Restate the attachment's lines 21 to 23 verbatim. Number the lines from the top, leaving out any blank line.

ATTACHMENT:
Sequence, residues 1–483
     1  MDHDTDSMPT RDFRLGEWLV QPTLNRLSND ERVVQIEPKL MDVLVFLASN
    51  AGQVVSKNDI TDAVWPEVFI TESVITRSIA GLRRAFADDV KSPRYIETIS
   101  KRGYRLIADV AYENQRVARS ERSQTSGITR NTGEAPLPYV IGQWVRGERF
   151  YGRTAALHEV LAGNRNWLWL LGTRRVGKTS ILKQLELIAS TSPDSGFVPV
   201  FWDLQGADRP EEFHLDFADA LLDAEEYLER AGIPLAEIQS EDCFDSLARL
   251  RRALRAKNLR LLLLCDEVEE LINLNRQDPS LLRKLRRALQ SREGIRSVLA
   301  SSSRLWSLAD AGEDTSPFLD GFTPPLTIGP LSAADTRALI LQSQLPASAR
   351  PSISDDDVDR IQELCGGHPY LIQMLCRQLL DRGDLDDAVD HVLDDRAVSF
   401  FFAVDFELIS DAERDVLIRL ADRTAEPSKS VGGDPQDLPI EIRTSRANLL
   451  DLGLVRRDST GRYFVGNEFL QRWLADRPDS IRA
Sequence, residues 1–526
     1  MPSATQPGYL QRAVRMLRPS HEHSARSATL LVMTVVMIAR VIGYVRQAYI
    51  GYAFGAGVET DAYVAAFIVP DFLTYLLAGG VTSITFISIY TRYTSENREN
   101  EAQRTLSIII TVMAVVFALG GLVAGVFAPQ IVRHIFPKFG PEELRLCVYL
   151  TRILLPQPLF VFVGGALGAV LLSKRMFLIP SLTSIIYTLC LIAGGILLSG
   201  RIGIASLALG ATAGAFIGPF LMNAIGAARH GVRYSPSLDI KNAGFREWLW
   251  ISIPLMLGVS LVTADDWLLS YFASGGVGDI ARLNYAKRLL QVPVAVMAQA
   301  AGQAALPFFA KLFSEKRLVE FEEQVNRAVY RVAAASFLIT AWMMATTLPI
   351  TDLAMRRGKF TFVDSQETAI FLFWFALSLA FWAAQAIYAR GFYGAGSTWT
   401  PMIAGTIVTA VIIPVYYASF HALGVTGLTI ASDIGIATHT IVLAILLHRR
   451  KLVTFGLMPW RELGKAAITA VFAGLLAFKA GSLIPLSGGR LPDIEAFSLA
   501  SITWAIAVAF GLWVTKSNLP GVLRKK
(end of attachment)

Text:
   401  PMIAGTIVTA VIIPVYYASF HALGVTGLTI ASDIGIATHT IVLAILLHRR
   451  KLVTFGLMPW RELGKAAITA VFAGLLAFKA GSLIPLSGGR LPDIEAFSLA
   501  SITWAIAVAF GLWVTKSNLP GVLRKK